I was on my way to the hills today for some nature therapy, my phone buzzed with a message "school in lockdown, test started" - a reminder it was lockdown drill day for the kids. I felt this well of grief for those precious souls who died in the Christchurch mosque attack. I felt grief for the children of this generation who have grown up with natural disasters, world pandemics and unsafe cities. I felt grief for the kids being re-traumatised by practising over and over how to stay safe from unknown dangers. I felt guilty about feeling this grief when so many others have it much much harder than I do.
In the society I was raised in, grief was something to be hidden away, suppressed. Actually so was any unpleasant emotion - anger, frustration, envy, jealousy... We were taught to smile and pretend all was ok, to stuff it away and carry on. All this did was give me a painful body.
It doesn't have to be like this though. I am so grateful my kids learn at school that it's ok to feel all the emotions - the nice ones and the not so nice ones, and how to work through the emotions constructively. I wish I'd known how to do that as a kid. My healing journey led me to Qigong, where I've learned how to work out stored emotions (tension / tightness / constriction) out of my body - and trust me it's not always pretty. I spent an entire Qigong teacher training week in Santa Cruz crying - working the raw grief of a recently passed mentor through and out of my body. While it was embarrassing at the time - it was also an incredible lesson in the value of feeling all the feelings, and how to move through them when the time was right.
I want to give you permission now to feel all the feelings. Including the grief for the year you had planned, rather than the year that has been. We all are grieving right now, and it's ok to feel a bit shit about it all frankly.
As we move into spring, it's also natural to want to shed the old, feel a renewed sense of energy. As the daffodils break through the frozen ground, we also can gently yet powerfully break through our own barriers.
There is a famous Qigong saying - "the beautiful lotus flower grows from the mud". Without the mud, the lotus flower doesn't bloom, it won't grow on marble. This is our muddy time. Our challenging time. And boy is it challenging!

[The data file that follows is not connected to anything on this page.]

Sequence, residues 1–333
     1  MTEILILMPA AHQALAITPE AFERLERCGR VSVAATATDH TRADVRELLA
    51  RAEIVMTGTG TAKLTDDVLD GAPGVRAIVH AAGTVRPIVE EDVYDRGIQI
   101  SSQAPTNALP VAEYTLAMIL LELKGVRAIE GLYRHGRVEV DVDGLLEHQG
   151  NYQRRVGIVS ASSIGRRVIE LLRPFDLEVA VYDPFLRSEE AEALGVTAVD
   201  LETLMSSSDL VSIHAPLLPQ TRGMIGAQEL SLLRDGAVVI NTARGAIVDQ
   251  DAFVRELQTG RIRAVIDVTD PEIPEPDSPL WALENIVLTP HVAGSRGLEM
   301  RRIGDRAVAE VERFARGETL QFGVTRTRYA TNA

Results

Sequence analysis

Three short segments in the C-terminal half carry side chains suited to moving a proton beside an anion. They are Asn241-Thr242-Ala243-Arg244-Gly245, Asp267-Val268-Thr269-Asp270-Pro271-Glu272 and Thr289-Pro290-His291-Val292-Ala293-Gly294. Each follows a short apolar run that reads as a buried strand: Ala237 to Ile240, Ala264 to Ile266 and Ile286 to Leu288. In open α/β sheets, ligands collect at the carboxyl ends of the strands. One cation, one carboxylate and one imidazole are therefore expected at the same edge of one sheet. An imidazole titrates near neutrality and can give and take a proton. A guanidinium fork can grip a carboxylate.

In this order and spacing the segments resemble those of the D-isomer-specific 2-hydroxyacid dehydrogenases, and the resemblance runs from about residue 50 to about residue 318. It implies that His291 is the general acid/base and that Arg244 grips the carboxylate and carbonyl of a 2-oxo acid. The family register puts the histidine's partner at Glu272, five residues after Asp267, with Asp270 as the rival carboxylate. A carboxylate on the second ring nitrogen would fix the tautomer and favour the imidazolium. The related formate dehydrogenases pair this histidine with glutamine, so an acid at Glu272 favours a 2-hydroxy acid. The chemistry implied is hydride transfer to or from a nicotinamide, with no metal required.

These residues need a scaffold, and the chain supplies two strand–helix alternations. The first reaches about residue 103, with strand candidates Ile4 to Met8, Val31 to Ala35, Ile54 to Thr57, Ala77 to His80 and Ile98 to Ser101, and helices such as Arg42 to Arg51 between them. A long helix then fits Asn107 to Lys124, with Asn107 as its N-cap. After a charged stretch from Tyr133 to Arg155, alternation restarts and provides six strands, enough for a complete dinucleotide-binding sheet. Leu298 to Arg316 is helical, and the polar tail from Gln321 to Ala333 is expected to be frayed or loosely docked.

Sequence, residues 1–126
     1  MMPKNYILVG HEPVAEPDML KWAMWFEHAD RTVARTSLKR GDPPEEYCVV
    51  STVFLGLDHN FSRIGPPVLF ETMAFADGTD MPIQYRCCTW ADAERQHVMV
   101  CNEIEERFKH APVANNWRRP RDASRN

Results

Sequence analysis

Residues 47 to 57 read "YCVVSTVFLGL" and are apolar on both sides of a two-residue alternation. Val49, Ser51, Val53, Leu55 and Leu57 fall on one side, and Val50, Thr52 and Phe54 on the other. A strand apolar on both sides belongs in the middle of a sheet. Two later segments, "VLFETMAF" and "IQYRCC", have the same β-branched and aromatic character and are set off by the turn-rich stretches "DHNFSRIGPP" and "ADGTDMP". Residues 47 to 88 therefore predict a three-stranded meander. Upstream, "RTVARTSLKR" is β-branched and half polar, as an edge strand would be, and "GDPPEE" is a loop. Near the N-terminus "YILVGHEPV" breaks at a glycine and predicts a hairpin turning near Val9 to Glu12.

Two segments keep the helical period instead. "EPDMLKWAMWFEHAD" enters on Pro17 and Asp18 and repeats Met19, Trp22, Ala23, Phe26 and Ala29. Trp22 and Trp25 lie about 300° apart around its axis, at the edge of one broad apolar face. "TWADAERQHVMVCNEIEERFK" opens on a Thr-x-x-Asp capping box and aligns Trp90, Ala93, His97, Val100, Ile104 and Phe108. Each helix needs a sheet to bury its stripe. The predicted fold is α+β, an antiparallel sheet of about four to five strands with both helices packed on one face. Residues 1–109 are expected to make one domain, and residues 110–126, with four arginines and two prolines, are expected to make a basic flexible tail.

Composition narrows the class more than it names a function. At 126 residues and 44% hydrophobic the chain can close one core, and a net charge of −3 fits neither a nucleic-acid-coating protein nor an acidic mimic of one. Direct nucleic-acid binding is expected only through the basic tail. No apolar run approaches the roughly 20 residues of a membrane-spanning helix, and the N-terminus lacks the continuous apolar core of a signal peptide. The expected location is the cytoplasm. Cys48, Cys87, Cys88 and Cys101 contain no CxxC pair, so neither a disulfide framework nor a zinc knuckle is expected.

But - there is one thing I know for sure - we are up for it.
Now is the time to challenge yourself. Do something that scares you, step outside your comfort zone, have the courage to step into your authentic self. You deserve it.
Here are some additional resources to help you along the way too:
- Phosphorescence (Audible) - On Awe, Wonder and Things That Sustain You When the World Goes Dark. Written and performed by Julia Baird, this had me hooked from the beginning.
- Brené Brown - Day 2! (Podcast) - It sounds easy enough, but Day 2 is no joke. It’s the messy middle - the point of no return. Join Brené as she talks about navigating what's next and why it's always best to stumble through the darkness together.
- Christchurch Qigong class - weekly Qigong classes outside in nature, drop in and beginners are welcome
- Quick grounding visualisation - this quick grounding technique was taught to me by Sara Russell of Be the Radical Way. If there's a situation, or someone sending you an energy you don't want to take on (like an angry kid, or a frustrated co-worker), take a moment to visualise yourself as a cloud. Your cloud has a colour. Now imagine the situation or person as a cloud with its own colour (a different colour to your cloud). Visualise the other person/situation's cloud moving towards you, then into your cloud, see the colours mingling, then the other person/situation's cloud passes through your cloud and out the other side. Your cloud is still intact, pure, still the colour you chose. This simple technique has been really helpful for me, especially when my kids vomit their emotions on to me. It helps me relax, avoid being defensive and stay open, but strong in the knowledge the emotions are passing through, not finding a new home.